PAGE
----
MBWA (Management By Walking Around) is a more people-oriented approach to management and leadership. It involves a manager or leader talking directly to the employeee that they manage, and having regular conversations with them about how things are going.

The idea behind it is that by talking to your team members face-to-face, you will get a much better understanding of what they’re thinking, feeling, and experiencing. This can help you to solve problems more quickly because you can see them firsthand rather than from afar.

A Gemba Walk is a far more structured approach for optimizing the systems, not the people. This is where you go out on-site with your team members and talk about the work that needs doing, not just what’s gone wrong. You’ll be able to see how processes are working firsthand, rather than assessing the people doing them.

If you are interested in learning more about Gemba Walk, we recommend you visit our guide. It includes an implementation checklist and practical examples.

Employees discuss in an office full of books and bookshelves

Pros and Cons of Management by Walking Around

As elaborated above, there are many benefits to the practice of management by walking around. The major benefit is to help managers build trust and foster relationships with their teams, which in turn makes employees more productive and loyal.

However, there are also some drawbacks. Managers who walk around too often can lose credibility with their team members and can even be seen as micromanaging. Here are more pros and cons that managers, employees, and business owners must not dismiss:

Pros of MBWA

  • It helps reduce employee turnover. When managers are constantly walking around, they have more chances to interact with employees and understand their needs, which makes them feel more appreciated and valued. This can also help prevent burnout among employees who might be feeling stressed or overwhelmed at any given moment during the day.
  • It allows for faster decision-making processes. Managers will be able to see things from their employees’ perspective while managing people by wandering around, so they’ll know exactly how to respond when there’s an issue that needs addressing.
  • It strengthens the vital feedback dynamics. This is one of the advantages of management wandering around that can result in getting better feedback on how your work is doing from your manager while they are visiting you at your job site, which can help improve productivity. By spending more time with employees, you can also build relationships, which will help them trust you and feel comfortable coming to you with problems or issues.
  • It helps you get a better understanding of what’s happening on the ground floor. By talking with employees face-to-face instead of relying on reports or emails, you’ll be able to get a better sense of how things are going in their departments and how your company is performing overall.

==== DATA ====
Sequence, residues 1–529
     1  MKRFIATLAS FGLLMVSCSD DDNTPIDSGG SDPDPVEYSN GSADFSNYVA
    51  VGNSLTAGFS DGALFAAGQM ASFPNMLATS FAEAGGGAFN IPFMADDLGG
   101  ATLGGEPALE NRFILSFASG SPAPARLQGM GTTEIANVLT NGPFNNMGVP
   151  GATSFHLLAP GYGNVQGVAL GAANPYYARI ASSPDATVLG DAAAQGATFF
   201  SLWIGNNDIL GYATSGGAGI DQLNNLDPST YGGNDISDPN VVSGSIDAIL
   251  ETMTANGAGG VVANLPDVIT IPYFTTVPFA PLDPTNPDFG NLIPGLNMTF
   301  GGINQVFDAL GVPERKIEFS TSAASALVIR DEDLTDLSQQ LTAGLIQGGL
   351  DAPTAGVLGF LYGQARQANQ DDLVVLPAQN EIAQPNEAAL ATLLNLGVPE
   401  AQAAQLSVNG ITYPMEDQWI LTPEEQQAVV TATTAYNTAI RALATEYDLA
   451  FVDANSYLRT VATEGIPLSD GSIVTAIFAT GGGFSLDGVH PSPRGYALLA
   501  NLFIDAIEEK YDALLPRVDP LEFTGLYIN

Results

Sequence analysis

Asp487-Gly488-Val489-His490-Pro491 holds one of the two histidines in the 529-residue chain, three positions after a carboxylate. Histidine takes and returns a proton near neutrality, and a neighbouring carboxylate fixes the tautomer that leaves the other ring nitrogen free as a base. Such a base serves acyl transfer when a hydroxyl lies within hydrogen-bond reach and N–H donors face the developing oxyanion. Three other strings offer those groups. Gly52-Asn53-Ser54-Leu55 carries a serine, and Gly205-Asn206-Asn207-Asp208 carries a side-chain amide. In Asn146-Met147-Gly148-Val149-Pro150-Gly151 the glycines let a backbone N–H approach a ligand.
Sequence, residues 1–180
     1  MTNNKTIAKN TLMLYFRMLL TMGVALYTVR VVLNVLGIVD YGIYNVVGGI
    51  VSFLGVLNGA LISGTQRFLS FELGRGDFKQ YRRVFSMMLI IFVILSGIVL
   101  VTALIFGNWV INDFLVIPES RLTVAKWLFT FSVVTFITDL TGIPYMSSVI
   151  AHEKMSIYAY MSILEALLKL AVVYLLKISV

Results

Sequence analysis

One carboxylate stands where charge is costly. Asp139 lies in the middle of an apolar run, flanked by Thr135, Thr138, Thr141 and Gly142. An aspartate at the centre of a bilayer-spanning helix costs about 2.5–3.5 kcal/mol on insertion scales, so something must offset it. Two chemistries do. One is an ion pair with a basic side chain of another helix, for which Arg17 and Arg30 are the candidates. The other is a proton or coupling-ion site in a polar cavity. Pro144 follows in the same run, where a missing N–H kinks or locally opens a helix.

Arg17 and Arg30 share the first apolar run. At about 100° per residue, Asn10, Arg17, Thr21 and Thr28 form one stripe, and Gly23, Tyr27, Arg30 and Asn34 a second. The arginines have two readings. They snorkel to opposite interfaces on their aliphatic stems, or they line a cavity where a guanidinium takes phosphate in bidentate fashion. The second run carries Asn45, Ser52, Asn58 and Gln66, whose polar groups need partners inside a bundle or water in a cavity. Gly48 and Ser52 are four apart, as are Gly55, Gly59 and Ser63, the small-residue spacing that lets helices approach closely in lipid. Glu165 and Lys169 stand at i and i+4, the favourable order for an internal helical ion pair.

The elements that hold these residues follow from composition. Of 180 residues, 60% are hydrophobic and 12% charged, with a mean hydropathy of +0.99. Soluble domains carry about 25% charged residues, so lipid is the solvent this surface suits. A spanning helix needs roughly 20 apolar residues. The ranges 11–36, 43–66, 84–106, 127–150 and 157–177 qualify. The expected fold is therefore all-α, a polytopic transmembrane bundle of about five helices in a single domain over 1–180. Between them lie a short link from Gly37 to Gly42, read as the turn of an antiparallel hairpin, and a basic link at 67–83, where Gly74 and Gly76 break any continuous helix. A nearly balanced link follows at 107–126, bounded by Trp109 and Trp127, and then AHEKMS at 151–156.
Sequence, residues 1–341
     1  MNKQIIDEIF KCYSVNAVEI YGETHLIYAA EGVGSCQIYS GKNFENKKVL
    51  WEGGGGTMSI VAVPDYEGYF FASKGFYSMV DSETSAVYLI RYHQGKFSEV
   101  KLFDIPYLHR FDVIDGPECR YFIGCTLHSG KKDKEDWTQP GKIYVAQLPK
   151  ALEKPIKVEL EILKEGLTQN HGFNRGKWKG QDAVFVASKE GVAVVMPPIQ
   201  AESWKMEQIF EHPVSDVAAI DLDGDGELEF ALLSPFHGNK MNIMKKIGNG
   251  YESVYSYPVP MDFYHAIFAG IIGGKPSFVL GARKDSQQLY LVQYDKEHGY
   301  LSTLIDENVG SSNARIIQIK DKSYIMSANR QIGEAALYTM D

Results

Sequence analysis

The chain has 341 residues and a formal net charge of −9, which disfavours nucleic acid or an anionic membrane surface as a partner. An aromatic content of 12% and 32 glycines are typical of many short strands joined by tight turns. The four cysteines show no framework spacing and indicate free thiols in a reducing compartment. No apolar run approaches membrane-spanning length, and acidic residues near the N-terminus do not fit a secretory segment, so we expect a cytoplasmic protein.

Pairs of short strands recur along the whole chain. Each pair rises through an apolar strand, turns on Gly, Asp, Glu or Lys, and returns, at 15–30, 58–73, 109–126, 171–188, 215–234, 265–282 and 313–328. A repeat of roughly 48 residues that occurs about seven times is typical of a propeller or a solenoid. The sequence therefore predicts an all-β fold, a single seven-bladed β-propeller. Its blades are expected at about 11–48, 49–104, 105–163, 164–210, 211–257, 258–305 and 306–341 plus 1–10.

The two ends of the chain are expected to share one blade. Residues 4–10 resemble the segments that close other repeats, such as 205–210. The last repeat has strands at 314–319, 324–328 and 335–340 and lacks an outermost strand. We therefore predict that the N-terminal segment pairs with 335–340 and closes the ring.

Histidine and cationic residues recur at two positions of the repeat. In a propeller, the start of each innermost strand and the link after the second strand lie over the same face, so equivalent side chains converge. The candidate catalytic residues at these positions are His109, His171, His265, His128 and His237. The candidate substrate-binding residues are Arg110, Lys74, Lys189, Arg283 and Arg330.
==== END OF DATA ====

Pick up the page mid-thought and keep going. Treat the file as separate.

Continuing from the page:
This explains why management by wandering around is considered an effective communication mode to learn from mistakes before they become costly issues. This can help you make better decisions when it comes to scheduling meetings or setting goals for the future.

Cons of MBWA

  • It’s time-consuming. The main reason why some employers do not embrace Management By Walking Around systems is that a lot of time and resources need to be put into the process and it can be difficult to make sure that everyone uses the same language and concepts. The idea of MBWA is great but it is not as easy to implement as one might think.

    This only emphasizes and strengthens the voice of employees. This is one of the major disadvantages of management wandering around because if employees are given more power over their work, they will use this power in order to further their own agenda rather than that of the company. Their voices will become louder than those who hold positions of power within an organization, which can lead to chaos and confusion within an organization.

  • It can be complex because it may require a lot of training for managers and employees alike. This training is needed to help employees understand what the strategy means for them personally, as well as how it affects other members of their team or department.

What Are Supervisors’ Primary Goals When They Practice Management by Wandering Around?

Supervisors’ primary goal when they practice MBWA is to increase employee satisfaction and morale while reducing stress. This method helps supervisors develop closer relationships with their employees and creates a better systematic rapport between managers and employees.

For a more comprehensive study on this, read this Harvard Business School analysis.

7 Tips and Best Practices to Optimize Your MBWA Strategy